From hip-hop to catwalk

His record label made Russell Simmons the 'king of rap'. Now he's expanding his empire. Roger Trapp met him

If he were like most people, Russell Simmons would be on a great high by now. Def Jam Recordings, the record label he co-founded a decade ago, has made him wealthy and the "hip-hop mogul" and "the king of rap". To celebrate this milestone, the company - since last year 50 per cent owned by the entertainment giant Polygram - has issued a four-CD retrospective that includes seminal recordings by the likes of Public Enemy, LL Cool J and the Beastie Boys which goes some way to showing that his venture cannot be dismissed as a flash in the pan.

But Mr Simmons, who has just completed a multi-city tour of Europe, is not satisfied. Already, his Rush Communications - named after his youthful nickname - is the second-largest African-American-owned entertainment company in the United States. Now 37, Mr Simmons has moved from music into film, television, radio and, most recently, fashion. His aim is not to be the number one black-owned US organisation but to be a big player by any standards. David Geffen, the entertainment magnate, is "like a mentor to me", he confided recently.

Although Mr Simmons has made his name and acquired the obligatory smart cars and Manhattan and Long Island homes on the back of the rap music of the ghetto, he was, in fact, raised in suburbia. Though he does not have a degree, it was while attending college in the Seventies that he became fascinated by hip-hop and the associated inner-city culture. At 19, he became a promoter and earned the nickname "Rush" through his high energy levels.

This enthusiasm and drive led him into managing and producing the likes of Kurtis Blow and Run-DMC, then rising stars of a musical form that he would be instrumental in "crossing over" into the mainstream. In 1985, he started Def Jam with Rick Rubin, a Jewish university student with whom he has since broken up. (Mr Rubin has now relocated to California, where he is perhaps best known for reviving the career of Johnny Cash on his American Recordings label.)

Two years after establishing the label, the pair signed a distribution deal with Columbia Records before becoming another casualty of the Sony takeover. Polygram, which prides itself on being an international company that can give unusual and creative people the room in which to develop, leaves him to carry on as he wishes, he says. Where Sony wanted him to concentrate on the music, Polygram is apparently indulgent of his multitude of interests, to the point where the president and chief executive, Alain Levy, wonders how he manages them all. Mr Simmons, meanwhile, says they are all related: the mystery is how Mr Levy handles all his responsibilities, he says.

While he is insistent that he and his acts remain "street" and "black", he also craves mainstream recognition. Having already backed four films, he has two scheduled for release next year. There are also television series, including one dedicated to comedy by black artists, and radio projects designed to promote his records.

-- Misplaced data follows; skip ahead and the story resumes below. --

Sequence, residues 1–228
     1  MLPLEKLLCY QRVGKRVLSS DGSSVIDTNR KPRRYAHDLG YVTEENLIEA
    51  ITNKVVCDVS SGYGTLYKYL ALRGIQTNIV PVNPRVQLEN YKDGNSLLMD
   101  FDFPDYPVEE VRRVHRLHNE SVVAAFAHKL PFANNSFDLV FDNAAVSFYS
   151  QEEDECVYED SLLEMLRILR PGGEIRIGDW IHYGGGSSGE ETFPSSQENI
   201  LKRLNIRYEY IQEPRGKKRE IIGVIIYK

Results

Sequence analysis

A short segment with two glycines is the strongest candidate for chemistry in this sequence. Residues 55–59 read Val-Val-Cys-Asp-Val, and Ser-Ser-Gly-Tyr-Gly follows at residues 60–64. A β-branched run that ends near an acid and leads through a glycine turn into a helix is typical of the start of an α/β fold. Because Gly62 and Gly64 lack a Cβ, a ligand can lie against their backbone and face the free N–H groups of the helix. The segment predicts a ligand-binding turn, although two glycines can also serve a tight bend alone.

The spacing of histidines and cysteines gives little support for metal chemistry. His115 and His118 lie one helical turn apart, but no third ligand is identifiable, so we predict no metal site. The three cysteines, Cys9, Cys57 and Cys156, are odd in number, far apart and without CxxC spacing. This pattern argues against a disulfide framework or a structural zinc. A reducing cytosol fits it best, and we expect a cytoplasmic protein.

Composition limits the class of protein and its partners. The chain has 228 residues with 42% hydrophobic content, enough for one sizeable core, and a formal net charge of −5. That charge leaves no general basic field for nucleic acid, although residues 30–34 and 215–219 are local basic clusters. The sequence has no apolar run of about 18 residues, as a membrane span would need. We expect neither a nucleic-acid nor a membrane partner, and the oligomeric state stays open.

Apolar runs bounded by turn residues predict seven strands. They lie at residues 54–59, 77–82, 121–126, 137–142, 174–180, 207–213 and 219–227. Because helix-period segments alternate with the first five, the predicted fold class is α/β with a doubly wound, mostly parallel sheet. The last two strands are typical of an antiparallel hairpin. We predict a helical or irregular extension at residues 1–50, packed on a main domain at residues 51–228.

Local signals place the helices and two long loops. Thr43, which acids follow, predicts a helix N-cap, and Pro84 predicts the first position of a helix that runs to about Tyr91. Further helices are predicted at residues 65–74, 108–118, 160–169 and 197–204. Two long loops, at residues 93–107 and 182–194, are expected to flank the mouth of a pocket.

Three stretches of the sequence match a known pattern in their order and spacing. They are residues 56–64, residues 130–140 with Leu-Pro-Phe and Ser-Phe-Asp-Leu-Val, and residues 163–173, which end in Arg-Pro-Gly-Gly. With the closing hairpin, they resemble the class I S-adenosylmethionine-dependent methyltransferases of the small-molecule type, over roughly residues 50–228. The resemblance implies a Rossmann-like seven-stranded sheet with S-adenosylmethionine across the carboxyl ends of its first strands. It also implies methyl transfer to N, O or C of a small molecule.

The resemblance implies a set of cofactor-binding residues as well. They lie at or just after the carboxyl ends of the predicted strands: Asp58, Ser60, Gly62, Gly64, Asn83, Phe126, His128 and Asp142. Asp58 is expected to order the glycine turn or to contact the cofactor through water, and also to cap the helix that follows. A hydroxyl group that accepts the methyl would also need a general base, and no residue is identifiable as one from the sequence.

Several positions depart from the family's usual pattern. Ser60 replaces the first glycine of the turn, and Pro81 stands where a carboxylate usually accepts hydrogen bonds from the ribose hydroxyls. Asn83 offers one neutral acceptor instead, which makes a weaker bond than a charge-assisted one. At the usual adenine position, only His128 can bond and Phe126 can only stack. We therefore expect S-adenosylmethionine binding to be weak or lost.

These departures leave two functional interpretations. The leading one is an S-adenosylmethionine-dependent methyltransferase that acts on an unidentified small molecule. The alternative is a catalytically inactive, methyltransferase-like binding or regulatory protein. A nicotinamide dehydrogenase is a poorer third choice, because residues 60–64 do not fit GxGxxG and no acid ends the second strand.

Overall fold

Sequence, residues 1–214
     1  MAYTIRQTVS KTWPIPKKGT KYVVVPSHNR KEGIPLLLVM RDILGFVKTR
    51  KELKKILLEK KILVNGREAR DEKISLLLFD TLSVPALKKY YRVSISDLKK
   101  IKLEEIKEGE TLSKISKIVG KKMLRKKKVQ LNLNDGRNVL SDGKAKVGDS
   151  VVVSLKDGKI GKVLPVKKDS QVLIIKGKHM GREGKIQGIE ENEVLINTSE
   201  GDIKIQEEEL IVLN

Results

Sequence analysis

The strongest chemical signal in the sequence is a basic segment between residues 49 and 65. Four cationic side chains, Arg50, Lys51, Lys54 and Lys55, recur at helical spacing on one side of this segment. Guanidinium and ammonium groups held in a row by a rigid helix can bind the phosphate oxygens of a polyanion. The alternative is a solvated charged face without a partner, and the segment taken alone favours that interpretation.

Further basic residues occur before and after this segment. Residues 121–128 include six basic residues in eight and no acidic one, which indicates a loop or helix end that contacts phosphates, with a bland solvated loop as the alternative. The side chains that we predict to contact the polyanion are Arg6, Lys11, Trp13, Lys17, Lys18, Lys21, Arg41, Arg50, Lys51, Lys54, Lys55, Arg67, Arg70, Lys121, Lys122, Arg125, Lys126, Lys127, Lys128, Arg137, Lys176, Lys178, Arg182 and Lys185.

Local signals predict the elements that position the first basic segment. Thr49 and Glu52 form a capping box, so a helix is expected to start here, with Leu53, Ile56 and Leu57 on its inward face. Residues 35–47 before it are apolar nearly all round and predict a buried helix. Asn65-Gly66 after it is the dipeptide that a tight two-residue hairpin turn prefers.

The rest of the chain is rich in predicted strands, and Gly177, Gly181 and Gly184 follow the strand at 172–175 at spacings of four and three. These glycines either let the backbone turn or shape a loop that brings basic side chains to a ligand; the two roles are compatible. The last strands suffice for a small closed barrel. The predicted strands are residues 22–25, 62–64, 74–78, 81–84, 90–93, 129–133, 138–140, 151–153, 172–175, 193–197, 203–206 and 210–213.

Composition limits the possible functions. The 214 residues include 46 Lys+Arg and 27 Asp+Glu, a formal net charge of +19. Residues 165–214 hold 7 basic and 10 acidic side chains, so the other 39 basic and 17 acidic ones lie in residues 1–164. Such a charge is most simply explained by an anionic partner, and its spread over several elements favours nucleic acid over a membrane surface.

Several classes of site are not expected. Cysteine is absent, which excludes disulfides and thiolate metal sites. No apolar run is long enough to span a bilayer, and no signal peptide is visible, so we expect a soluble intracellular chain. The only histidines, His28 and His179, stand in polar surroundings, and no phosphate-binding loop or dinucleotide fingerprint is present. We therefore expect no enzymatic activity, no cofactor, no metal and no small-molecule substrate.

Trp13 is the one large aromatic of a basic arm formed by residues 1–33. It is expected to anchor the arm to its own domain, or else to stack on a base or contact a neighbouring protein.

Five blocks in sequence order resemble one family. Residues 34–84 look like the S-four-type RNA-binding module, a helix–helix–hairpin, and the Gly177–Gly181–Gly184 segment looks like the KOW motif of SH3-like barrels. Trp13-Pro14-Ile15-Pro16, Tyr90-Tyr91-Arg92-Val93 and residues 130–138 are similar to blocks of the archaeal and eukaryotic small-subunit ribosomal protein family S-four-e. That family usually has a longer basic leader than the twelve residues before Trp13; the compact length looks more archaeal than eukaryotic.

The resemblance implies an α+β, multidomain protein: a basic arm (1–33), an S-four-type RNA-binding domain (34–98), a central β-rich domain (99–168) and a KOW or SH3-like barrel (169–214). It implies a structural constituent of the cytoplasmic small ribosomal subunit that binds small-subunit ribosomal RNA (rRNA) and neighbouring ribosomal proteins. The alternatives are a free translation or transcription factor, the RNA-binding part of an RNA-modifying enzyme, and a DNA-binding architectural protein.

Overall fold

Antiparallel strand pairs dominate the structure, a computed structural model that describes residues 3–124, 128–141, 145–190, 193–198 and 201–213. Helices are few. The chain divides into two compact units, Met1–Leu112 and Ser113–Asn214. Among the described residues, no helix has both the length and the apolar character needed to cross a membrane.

Nowhere, though, is his ambition greater than in Phat Threads and Phat Farm, the fashion operations he started last year. A man who will talk animatedly about the differences between Ralph Lauren and Tommy Hilfiger's clothing, he is determined to see his line - which he describes as "classic American sportswear" - for sale in such top-flight stores as Bloomingdale's and Macy's.

But although fashion is a consuming interest - as demonstrated by his close friendship with the model Veronica Webb and frequent reports of sightings at fashion shows - it is not his only vehicle for expansion. He also enthuses about plans for a cafe or themed restaurant, which would, of course, feature his recordings and his fashion garments.

Keeping up with a man who makes such steady use of a mobile telephone that he has apparently run up $3,500-a-month bills is difficult. As he says, "I'm always launching a new business this week."

Nevertheless, he has managed to retain the core of his staff through a combination of loyalty to an organisation that has remained close to the culture which spawned it and that old standby, financial incentives.

Pointing out that the 60-odd people who work in Def Jam Music have a co-operative-style culture which means, for instance, that there is always somebody there at 2am, he says that they all have "a piece of it for the long haul".

He adds: "I want to make sure that everybody is as enthusiastic as I am. It means they can never be hired by others."

It is a principle that he is trying to extend to his other businesses. But he admits that a more pressing problem is finance, or rather lack of it. Though the label has made $51m in the first three months following the deal, Simmons still feels short of capital.

And it is here that his approach may cause him trouble. While wearing jumpers does not apparently do Richard Branson any harm, Mr Simmons combines his casual attire with being black. And there are signs that while black entrepreneurs can find a niche in the music business, they still find it tough to thrive in other fields.

He takes a robust view on racism - "Yes, I can't get a cab, but what do I need a cab for? I've got a Rolls" - but he sure would like some finance.

Complaining of feeling frustrated that his business is not developing as fast as it could because of a lack of funds, he adds that he would be prepared to sell a chunk of his company if it assisted his chances of expanding. "I don't want to own the whole operation," he says, pointing out that a strategic partnership would help to make an impact.

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